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Why Vietnam Is Asking Other Asian Countries to Help Squelch Fake News


People wearing face masks to help curb the spread of the coronavirus ride mopeds in Hanoi, Vietnam on Thursday, Aug. 6, 2020. Vietnamese health official said on Thursday the COVID-19 outbreak would peak in the coming ten days as the country reported…

A surge in fake news around Southeast Asia, particularly bogus COVID-19 information, has prompted leaders to explore a regional crackdown after a suggestion from a Vietnamese security official.

Police agencies in the 10 Association of Southeast Asian Nations (ASEAN) countries – which represent a total population of about 650 million from Myanmar to the Philippines – should improve cooperation to stop fake news among other cross-border crimes, a Vietnamese official said at a September 25 meeting with peers from around Southeast Asia.

“I think the issue is something that ASEAN has been keeping tabs on, but perhaps I think the impetus for Vietnam’s call recently is due to the COVID-19 situation and the consequent infodemic,” said Harris Zainul, an analyst at the Institute of Strategic and International Studies Malaysia.

“We know that there has been a spike in false information related to COVID-19 ever since the pandemic had started and arrived in Southeast Asia, so perhaps Vietnam’s call should be viewed in that context,” Zainul said.

The bloc member states signed a declaration in 2014 to encourage socially responsible media and four years later reached a consensus to minimize the harmful effects of fake news. Fake news is on the rise now, Nguyen Thanh Son, head of the Vietnamese Ministry of Public Security’s Foreign Relations Department, told the bloc’s Senior Officials Meeting on Transnational Crime.

Nguyen pointed to the COVID-19 pandemic as a reason for the spread of fake news as well as other crimes, according to Asian media reports.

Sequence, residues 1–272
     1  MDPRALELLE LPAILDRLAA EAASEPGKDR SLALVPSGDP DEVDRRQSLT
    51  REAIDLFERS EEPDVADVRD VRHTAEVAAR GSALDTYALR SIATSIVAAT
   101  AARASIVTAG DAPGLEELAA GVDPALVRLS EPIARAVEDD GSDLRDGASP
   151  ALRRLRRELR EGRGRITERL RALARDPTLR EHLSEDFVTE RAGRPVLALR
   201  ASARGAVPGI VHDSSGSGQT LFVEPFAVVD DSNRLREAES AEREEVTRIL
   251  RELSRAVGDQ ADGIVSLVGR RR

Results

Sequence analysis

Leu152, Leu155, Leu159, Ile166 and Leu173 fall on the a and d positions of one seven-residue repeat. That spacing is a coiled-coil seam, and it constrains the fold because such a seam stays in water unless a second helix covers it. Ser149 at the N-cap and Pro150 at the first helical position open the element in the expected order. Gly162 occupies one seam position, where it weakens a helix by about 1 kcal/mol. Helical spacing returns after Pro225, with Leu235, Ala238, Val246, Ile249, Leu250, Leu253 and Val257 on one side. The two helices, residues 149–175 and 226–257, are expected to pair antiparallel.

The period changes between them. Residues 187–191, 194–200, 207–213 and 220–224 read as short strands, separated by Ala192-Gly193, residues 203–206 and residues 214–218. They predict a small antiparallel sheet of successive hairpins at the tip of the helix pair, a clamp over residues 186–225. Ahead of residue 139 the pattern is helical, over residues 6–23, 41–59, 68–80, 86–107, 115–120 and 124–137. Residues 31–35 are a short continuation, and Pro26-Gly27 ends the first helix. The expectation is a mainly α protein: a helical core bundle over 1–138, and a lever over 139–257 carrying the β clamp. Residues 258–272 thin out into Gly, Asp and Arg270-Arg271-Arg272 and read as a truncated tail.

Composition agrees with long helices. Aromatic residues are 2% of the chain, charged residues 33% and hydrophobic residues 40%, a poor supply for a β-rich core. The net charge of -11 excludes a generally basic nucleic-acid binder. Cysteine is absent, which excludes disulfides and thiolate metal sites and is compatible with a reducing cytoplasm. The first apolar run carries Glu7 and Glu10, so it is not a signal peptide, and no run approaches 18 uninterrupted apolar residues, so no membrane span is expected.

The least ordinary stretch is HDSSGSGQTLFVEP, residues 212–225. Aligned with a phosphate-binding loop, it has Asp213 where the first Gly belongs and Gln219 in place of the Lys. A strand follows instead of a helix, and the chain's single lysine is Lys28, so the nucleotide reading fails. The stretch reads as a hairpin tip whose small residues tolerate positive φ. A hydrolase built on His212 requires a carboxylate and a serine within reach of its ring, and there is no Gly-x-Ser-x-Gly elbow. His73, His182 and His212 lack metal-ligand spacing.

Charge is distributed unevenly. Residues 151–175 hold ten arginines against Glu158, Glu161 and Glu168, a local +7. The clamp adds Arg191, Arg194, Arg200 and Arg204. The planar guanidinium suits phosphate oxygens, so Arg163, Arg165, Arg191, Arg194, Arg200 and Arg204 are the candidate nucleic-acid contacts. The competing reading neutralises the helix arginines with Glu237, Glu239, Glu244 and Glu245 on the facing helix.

In one case from an ASEAN member state, Philippine police arrested a woman in April after she said part of one province had 9,000 coronavirus cases when there were just over 6,200 infections nationwide.

“In the guise of being authentic news, fake news can directly become accessible to every Filipino by just a click on Facebook and which eventually makes Filipinos believe of its authenticity without looking at whether such news is from credible sources or not,” said Henelito Sevilla, international relations professor at University of the Philippines. “Fake news undermines the efforts of the Philippine government especially in times of the COVID-19 pandemic when It exposes wrong information.”

In another typical case for the ASEAN region, the Singapore government rebutted in April via its official website as “NOT TRUE” rumors that the country's supermarkets would restrict access based on customer identification card numbers. The website lists a string of fake news, followed by corrections.

Southeast Asian governments normally counter false medical tips with correct information or “increase literacy,” said James Gomez, regional director at the Bangkok-based think tank Asia Centre. But when governments come under fire, he said, they tend to strike back against the purveyors of news.

“Where they use these temporary laws or existing fake news laws is actually to go after their critics, especially criticism of how the different governments are handling the COVID-19 response,” Gomez said.

In democracies such as the Philippines, stepped-up enforcement of fake news risks flouting the constitution, said Herman Kraft, a political science professor at University of the Philippines at Diliman. Still, he said, the government of President Rodrigo Duterte will be tempted to use any new enforcement mechanism against critics.

“If it’s going to be an ASEAN thing, then that means taking action and labeling it as fake news against representations either in social media or in hate media that is actually associated with the left in particular in the Philippines,” Kraft said. “(This process) is something that I think the government might actually be interested in.”

Fake news is normally a domestic issue rather than a trans-border one, Zainul said. But if leaders of the Southeast Asian bloc follow up Vietnam’s idea, they might develop a list of uniform guidelines for all member countries to follow, he said. The parties could increase sharing of information from one country that affects another, as well.

Singapore, Thailand and Vietnam would be most eager of 10 member states, said Alan Chong, associate professor at the S. Rajaratnam School of International Studies in Singapore. Vietnam particularly has a lot riding on the accuracy of news, he said. Free speech is unprotected legally, but Vietnamese officials – mindful of economic development – seldom block websites.

“It’s part of Vietnam’s ongoing war against bloggers and social media because social media is considered extremely subversive and it subverts the image and authority of the Vietnamese Communist Party,” Chong said.

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